Pathway to the future library bibliographic services for the 21 st century
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Pathway to the Future: Library Bibliographic Services for the 21 st Century. Amy Kautzman UCB Terry Ryan UCLA. University of California Overview. 10 Campuses 10 ILS (Endeavor, ExLibris, III, etc.) Melvyl (UC union catalog) SCP + merge algorithm Ex Libris ERMS + SFX Digital repositories.

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Pathway to the future library bibliographic services for the 21 st century

Pathway to the Future:Library Bibliographic Services for the 21st Century

Amy Kautzman UCB

Terry Ryan UCLA


University of california overview
University of California Overview

  • 10 Campuses

  • 10 ILS (Endeavor, ExLibris, III, etc.)

  • Melvyl (UC union catalog)

  • SCP + merge algorithm

  • Ex Libris ERMS + SFX

  • Digital repositories


Bibliographic services task force
Bibliographic Services Task Force

  • John Riemer, (Chair, UCLA)

    Head, Cataloging and Metadata Center

  • Luc Declerck (UCSD)

    Associate Univ. Librarian, Technology and Technical Services

  • Amy Kautzman (UCB)

    Head of Research and Collections: Doe/Moffitt Libraries

  • Patti Martin (CDL)

    Bibliographic Services Manager

  • Terry Ryan (UCLA)

    Associate University Librarian for the UCLA Electronic Library


Bstf charge
BSTF Charge

  • Inventory the end-user services supported by our biblio. processing data. Articulate the problems that need to be solved.

  • Develop a vision and design principles.

  • Analyze opportunities and costs and benefits.

  • Deliver a report and develop an implementation road map.


Design principles
Design Principles

  • Work Smarter/Rationalize Workflow and Data Flow

  • Resuscitate Metadata

  • Provide User-Centered Search Services

  • Get Users to the Content

  • Rethink System Architecture to Focus on Services, not Systems

  • Support Continuous Assessment & Improvement



Thanks to marc
Thanks to MARC

01291nam 22002774a 4500

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00520040304134833.0

008030211s2004 enk b

001 0 eng

010 $a 2003042916

020 $a 0195161998 (alk. paper)

035 $a (Sirsi) i0195161998

040 $a DLC $c DLC $d DLC $d OrLoB-B

042 $a pcc

049 $x jek

05000 $a BS651 $b .S54 2004

08200 $a 213 $2 21 1001  $a Shanks, Niall, $d 1959-

24510 $a God, the devil, and Darwin : $b a critique of intelligent design theory / $c Niall Shanks.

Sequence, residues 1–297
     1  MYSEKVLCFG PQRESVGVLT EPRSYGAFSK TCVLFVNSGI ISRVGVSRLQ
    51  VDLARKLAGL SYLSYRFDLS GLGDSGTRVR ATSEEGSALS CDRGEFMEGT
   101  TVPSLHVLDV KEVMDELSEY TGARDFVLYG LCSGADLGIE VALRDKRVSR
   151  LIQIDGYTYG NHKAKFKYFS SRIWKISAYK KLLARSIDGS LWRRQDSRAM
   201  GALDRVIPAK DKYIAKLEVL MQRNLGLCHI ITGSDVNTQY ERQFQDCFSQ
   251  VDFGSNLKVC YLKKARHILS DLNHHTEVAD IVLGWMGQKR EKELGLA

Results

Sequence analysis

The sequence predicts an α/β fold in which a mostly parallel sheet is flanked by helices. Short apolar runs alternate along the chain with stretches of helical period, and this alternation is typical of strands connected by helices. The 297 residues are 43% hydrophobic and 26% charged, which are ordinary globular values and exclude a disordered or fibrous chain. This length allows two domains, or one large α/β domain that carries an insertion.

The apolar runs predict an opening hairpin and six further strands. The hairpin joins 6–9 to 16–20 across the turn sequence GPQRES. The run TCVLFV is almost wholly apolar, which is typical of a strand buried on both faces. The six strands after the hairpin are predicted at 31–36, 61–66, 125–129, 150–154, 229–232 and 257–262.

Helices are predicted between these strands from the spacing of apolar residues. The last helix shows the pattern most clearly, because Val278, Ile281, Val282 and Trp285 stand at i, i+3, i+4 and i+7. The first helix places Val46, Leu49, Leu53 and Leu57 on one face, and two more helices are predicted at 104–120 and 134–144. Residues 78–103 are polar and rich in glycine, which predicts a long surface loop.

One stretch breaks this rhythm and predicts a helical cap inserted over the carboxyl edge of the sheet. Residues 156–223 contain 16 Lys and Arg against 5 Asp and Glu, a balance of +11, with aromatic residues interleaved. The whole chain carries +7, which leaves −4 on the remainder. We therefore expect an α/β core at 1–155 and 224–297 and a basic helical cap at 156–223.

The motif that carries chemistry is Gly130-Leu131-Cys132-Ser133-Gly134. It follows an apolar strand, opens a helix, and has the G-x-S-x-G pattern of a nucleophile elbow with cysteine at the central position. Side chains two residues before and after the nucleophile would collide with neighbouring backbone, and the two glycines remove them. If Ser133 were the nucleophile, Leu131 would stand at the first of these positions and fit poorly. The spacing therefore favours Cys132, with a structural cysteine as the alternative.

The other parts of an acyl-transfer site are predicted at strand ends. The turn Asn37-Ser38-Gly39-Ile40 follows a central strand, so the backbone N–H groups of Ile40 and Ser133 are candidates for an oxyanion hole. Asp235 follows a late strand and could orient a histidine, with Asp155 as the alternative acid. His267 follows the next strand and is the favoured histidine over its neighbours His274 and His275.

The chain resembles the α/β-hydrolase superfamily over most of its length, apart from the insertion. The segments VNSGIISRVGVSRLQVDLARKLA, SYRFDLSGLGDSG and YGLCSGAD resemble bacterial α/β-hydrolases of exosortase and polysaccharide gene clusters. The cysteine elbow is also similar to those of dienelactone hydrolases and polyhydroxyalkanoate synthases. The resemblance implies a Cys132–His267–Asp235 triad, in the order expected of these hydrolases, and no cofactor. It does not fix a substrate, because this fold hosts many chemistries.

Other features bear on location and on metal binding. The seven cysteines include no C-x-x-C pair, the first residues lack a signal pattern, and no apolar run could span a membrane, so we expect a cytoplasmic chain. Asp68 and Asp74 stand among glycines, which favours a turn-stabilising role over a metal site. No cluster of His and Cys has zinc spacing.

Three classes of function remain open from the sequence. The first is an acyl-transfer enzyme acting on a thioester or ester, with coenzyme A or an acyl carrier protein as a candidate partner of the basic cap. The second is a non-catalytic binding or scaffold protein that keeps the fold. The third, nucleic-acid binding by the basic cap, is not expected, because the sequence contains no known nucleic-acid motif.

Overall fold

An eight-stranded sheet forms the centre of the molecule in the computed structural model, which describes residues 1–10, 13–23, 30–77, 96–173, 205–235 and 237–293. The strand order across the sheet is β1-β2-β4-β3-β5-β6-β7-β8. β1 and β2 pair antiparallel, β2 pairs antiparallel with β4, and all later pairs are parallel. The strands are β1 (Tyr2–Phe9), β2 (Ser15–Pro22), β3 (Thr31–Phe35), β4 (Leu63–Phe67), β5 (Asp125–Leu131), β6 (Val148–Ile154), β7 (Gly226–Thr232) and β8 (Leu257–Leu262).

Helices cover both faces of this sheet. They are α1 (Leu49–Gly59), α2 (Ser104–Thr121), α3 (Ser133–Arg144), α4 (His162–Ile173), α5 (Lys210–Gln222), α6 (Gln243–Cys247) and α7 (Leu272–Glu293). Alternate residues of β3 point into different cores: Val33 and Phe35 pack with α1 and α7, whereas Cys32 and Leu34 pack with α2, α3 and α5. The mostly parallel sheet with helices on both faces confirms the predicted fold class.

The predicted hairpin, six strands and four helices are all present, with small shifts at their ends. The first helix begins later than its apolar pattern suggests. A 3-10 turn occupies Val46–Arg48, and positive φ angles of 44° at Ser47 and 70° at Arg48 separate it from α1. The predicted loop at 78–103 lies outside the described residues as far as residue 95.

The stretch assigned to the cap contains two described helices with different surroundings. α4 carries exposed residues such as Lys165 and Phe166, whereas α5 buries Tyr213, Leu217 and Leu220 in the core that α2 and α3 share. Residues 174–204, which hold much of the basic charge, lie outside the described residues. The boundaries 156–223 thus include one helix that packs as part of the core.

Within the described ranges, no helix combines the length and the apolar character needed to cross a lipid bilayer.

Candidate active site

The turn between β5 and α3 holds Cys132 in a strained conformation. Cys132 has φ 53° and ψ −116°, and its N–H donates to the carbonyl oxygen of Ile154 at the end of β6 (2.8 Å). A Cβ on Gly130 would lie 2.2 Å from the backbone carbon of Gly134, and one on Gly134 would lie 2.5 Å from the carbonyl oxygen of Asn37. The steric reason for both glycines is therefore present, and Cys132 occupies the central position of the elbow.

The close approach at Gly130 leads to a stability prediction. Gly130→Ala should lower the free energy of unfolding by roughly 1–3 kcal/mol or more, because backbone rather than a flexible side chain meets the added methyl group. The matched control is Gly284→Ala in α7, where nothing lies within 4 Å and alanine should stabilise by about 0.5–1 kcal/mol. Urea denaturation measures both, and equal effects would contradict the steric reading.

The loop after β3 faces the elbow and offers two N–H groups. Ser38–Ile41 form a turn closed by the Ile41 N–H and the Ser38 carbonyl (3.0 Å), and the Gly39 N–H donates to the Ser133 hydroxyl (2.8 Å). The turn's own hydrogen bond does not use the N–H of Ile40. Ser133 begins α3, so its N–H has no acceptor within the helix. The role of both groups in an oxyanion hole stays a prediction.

260 $a Oxford ; $a New York : $b Oxford University Press, $c 2004.

300 $a xiii, 273 p. ; $c 22 cm.

504 $a Includes bibliographical references (p. 259-268) and index.

50500 $t Foreword / $r Richard Dawkins -- $t Introduction: The Many Designs of the Intelligent Design Movement -- $g 1. $t The Evolution of Intelligent Design Arguments -- $g 2. $t Darwin and the Illusion of Intelligent Design -- $g 3. $t Thermodynamics and the Origins of Order -- $g 4. $t Science and the Supernatural -- $g 5. $t The Biochemical Case for Intelligent Design -- $g 6. $t The Cosmological Case for Intelligent Design -- $t Conclusion: Intelligent Designs on Society.

596 $a 1




Libraries need disparate metadata to work together
Libraries Need Disparate Metadata to Work Together

ONIX & MARC

DUBLIN CORE & VRA


A librarian s fantasy
A Librarian’s Fantasy

MARC

ONIX

DublinCore

VRACore



I enhancing search and retrieval
I Enhancing Search and Retrieval

  • I.1 Provide users with direct access to item

  • I.2 Provide recommender features

  • I.3 Support customization/personalization

  • I.4 Offer alternative actions for failed or suspect

    searches

  • I.5 Offer better navigation of large sets of search results

  • I.6 Deliver bibliographic services where the users are

  • I.7 Provide relevance ranking and leverage full-text

  • I.8 Provide better searching for non-Roman materials


Ii rearchitecting the opac
II Rearchitecting the OPAC

  • II.1 Create a single catalog interface for all

    of UC

  • II.2 Support searching across the entire

    bibliographic information space


Iii adopting new cataloging practices
III Adopting New Cataloging Practices

  • Rearchitect cataloging workflow

    • Eliminate duplication

    • Agree on single set of policies

    • Implement a single data store for UC

  • Select appropriate metadata scheme

  • Manually enrich metadata in important areas